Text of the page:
Sudan votes in Darfur referendum as rebels boycott

Polls opened across Sudan's conflict-hit Darfur Monday in a referendum on whether to keep its five states or unite them into a single region despite rebels boycotting and international criticism.

Voting started just after 09:00, an AFP correspondent said.

Ethnic minority rebels in Darfur have been battling forces loyal to President Omar al-Bashir, wanted for alleged war crimes in the region over claims his Arab-dominated government was marginalising them.

Rebels have long demanded a single region but say the vote cannot be free and fair due to ongoing unrest.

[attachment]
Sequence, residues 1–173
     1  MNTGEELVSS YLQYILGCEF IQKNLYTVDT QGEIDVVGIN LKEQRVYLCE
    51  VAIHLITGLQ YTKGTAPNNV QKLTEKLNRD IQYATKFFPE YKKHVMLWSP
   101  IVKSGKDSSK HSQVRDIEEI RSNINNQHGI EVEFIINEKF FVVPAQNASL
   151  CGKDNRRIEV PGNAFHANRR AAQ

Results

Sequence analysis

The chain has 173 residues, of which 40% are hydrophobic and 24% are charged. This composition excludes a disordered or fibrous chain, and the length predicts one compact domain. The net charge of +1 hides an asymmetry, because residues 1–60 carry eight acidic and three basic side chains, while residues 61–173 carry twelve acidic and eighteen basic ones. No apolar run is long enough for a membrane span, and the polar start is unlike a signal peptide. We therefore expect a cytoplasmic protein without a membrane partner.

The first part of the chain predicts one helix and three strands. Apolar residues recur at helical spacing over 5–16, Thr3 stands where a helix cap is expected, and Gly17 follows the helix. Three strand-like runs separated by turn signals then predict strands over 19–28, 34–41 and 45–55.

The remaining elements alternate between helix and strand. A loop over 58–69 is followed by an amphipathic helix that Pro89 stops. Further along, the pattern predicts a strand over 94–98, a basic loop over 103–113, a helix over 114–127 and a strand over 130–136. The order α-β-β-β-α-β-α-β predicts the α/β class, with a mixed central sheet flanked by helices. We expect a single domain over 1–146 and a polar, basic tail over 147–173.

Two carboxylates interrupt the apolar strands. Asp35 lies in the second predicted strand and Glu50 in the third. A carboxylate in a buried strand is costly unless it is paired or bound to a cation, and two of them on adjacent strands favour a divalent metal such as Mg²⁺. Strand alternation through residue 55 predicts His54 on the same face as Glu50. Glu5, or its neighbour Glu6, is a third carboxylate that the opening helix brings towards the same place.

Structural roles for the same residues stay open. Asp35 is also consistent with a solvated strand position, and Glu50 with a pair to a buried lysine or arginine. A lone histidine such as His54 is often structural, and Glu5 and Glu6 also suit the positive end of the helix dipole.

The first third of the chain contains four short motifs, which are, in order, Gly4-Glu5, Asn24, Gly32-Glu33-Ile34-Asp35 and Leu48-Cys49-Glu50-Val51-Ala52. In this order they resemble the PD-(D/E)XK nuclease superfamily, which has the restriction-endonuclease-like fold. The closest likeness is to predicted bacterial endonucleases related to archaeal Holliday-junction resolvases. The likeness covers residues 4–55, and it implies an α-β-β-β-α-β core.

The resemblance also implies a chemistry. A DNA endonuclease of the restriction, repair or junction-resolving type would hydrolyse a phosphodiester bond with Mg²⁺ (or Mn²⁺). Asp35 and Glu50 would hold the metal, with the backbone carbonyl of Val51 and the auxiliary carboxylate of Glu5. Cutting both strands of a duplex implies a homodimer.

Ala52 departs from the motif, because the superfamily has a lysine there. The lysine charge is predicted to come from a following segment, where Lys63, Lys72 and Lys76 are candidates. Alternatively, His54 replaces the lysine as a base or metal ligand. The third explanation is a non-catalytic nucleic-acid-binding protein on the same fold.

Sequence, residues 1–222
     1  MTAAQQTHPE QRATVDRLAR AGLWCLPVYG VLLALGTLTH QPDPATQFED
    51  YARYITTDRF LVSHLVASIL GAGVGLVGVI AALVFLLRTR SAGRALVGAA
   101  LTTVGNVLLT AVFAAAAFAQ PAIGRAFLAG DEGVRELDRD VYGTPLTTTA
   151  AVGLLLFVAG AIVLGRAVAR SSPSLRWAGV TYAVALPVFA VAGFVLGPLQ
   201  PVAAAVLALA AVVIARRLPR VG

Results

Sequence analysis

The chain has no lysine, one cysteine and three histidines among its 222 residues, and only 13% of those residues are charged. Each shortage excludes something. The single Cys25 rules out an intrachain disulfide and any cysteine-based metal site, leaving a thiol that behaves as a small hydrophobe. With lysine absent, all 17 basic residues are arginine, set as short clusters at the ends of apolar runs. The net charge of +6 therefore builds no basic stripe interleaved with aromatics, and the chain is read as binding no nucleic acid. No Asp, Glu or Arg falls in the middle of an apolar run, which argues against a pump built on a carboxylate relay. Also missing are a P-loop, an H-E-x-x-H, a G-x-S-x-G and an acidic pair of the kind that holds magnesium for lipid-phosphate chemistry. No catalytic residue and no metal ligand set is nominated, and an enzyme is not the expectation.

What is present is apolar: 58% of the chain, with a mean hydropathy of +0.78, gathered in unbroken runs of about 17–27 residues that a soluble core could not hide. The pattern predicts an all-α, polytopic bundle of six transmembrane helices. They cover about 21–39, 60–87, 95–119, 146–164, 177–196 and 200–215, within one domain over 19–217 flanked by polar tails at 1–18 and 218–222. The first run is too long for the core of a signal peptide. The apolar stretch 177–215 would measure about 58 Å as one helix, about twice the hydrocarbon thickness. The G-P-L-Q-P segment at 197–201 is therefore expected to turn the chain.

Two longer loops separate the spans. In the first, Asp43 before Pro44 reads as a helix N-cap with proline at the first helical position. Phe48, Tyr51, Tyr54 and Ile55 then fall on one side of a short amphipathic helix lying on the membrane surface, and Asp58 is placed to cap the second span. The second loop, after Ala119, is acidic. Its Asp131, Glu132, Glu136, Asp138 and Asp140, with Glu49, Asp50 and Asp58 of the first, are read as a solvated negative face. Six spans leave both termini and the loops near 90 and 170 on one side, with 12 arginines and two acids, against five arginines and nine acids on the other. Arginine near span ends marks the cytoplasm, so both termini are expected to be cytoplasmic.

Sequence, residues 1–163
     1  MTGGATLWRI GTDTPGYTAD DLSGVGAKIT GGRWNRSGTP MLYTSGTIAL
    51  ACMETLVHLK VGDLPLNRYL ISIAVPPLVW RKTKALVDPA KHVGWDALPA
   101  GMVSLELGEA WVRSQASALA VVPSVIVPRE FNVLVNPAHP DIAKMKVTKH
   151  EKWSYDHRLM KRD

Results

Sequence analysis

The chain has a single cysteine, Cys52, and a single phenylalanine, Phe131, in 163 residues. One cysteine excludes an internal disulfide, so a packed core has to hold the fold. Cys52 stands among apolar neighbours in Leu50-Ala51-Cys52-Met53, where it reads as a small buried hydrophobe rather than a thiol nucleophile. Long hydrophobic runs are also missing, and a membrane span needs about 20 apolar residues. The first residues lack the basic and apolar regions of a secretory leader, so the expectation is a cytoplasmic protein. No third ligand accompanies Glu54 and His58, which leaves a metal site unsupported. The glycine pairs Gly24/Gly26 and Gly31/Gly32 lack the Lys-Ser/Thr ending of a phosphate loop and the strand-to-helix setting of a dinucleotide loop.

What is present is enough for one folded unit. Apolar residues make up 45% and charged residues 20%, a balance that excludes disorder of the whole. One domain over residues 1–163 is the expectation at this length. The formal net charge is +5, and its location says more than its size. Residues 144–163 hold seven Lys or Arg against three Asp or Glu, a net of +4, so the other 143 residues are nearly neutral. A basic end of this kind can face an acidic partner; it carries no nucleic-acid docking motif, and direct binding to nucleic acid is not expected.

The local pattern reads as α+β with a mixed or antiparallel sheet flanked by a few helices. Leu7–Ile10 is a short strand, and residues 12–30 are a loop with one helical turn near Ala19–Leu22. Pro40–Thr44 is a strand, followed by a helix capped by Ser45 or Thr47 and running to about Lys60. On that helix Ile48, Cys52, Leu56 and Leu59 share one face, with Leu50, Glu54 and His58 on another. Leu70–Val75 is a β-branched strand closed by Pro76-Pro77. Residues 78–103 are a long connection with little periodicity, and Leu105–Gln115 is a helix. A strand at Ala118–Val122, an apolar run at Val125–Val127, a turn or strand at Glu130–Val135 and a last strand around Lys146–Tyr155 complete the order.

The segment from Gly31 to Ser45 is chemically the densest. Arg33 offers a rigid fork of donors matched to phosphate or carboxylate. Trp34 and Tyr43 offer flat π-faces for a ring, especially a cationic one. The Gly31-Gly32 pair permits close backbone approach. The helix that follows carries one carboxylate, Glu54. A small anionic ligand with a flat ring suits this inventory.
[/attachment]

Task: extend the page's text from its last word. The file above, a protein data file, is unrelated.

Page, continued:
Heavy fighting in the Marra mountains at the centre of Darfur has forced at least 100 000 people to flee their homes since January, the United Nations says.

Khartoum has insisted the vote go ahead as it was stipulated under a peace agreement signed in Doha in 2011 with several rebel groups.

The ruling National Congress Party backs the five-state system.

The United States has voiced concerns over the vote, saying that "if held under current rules and conditions, a referendum on Darfur cannot be considered a credible expression of the will of the people of Darfur".

Darfur was a single region until 1994, when it was divided into three states, with a further two added in 2012.

Since the conflict erupted in 2003, at least 300,000 people have been killed according to the UN, and there are some 2.5 million people living there who have had to flee their homes.
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